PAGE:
Freedomland was a theme park
, intended as New York's answer to Disneyland
, which opened in the Bronx
. The park's layout was similar in shape to the 48 conterminous states, with large shallow ponds for The Great Lakes
, and was divided into sections called Little Old New York, Chicago
, The Great Plains
, New Orleans
, Old Southwest, San Francisco
, and Rocket City (Florida
, natch). Each section featured historical and regional exhibits, food, and reenactments as well as more traditional amusement-park rides and gimcrackery.
I remember well the Dragon, a wonderful ride-on-rails that was just far enough off the ground and wove back and forth in just the right gentle, serpentine motion to suggest, yes, riding a REALLY big lizard over water and through woods and gardens. Oddly enough it was in New Orleans (certainly it should have been in San Francisco's Chinatown) to represent a Mardi Gras float. Another thing I could remember was the farm exhibit (in the Great Plains) where I saw Elsie the Borden Cow in a satin-lined stall (no lie!) and the Chicago Fire, a great participatory event where the firemen asked for volunteers to help pump the water. I was too young to do much pumping, but it was fascinating nonetheless (firefighting interested me at the time -- I was pretty far out for a five year old girl). There was a German band playing oompah music, and a few other musical events, like Dixieland jazz, and such. I tried most of the food, didn't like it much, but then, I was a picky eater. Other parts that didn't make much impression on me were the Civil War and the Wild West -- too young to care, I suppose. As a grand climax to the trip through we got on a skycar and rode up, up, over the park back to where we started.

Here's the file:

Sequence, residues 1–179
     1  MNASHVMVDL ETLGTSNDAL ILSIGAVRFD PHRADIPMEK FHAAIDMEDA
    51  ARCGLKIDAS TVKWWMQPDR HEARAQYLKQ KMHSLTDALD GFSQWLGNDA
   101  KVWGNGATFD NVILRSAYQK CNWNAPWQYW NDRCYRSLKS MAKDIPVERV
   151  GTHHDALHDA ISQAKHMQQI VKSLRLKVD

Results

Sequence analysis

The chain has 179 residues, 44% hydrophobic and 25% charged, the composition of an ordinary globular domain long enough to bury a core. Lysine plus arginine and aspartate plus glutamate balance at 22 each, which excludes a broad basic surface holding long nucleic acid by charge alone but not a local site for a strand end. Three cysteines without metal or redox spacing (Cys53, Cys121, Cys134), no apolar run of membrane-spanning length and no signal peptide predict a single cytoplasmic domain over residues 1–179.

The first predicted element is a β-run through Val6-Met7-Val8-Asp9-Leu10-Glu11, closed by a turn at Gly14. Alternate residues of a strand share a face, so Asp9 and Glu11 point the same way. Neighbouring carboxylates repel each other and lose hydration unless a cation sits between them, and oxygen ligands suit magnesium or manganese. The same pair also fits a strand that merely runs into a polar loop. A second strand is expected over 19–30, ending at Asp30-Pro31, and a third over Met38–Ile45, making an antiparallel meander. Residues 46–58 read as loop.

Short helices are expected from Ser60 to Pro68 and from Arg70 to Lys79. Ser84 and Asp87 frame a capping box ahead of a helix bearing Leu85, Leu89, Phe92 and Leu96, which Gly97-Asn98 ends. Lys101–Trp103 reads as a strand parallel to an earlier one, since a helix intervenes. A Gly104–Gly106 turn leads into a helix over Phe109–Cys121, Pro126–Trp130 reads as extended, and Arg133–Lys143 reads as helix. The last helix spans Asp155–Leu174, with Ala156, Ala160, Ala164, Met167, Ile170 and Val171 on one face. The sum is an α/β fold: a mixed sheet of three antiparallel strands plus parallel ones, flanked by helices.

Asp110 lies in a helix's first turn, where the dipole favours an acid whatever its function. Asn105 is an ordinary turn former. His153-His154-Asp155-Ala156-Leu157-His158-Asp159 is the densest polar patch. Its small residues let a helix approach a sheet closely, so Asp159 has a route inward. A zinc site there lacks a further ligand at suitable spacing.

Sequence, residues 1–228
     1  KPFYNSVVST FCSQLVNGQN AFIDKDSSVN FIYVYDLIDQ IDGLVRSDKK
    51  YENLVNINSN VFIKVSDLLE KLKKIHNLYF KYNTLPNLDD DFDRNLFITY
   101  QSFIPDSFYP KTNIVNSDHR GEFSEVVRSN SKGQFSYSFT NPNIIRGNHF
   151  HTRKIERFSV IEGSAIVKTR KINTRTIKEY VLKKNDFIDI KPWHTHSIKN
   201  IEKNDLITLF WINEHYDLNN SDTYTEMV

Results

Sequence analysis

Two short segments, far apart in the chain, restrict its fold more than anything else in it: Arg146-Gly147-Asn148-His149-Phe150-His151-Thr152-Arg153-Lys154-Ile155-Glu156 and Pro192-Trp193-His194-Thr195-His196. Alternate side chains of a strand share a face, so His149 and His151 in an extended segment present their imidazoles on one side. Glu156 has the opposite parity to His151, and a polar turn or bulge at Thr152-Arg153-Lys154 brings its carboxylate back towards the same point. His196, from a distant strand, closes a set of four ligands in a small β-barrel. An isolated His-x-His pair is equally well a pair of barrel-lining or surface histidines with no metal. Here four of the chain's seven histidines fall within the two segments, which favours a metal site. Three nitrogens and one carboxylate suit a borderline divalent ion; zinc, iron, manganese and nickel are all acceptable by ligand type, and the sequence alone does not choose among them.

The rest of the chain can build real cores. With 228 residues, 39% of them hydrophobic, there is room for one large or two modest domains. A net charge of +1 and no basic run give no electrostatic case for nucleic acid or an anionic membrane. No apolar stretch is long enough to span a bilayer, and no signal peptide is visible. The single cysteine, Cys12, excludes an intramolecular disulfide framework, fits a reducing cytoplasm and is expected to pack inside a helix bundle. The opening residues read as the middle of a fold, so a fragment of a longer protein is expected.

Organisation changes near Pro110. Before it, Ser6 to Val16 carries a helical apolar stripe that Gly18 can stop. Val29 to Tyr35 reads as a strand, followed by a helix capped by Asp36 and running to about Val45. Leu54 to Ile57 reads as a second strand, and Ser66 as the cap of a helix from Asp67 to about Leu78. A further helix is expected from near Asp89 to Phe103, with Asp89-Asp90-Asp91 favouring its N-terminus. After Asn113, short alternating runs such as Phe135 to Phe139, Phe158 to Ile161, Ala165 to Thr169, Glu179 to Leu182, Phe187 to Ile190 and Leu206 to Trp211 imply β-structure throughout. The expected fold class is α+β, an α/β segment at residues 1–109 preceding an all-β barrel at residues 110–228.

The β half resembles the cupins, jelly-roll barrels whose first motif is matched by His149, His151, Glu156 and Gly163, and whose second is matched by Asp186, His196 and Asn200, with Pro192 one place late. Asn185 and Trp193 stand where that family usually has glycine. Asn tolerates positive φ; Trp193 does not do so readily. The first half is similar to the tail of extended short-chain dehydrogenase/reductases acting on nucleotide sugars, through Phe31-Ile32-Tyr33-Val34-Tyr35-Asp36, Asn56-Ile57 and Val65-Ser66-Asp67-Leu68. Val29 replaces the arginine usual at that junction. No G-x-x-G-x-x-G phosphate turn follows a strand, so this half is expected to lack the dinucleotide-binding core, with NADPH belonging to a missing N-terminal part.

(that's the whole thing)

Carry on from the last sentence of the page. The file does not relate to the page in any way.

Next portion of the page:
Freedomland was plagued from the start with accidents, robberies, and basic bad luck -- after two years of operation, it dropped the "educational" slant, and went for basic amusement-park stuff with shameless huckstering from any and all corporate sponsors who wanted to plug their products, resulting in such weird venues as "The Smoke Ring", a cafe run by a tobacco company with a machine blowing rings out of the roof. (Let's see anyone try to get away with that one nowadays!) It closed a few weeks after Robert Moses opened the New York World's Fair in 1964, to be replaced by Co-op City, a set of eight (or is it nine?) high-rise apartment buildings. One wonders whether it was an improvement...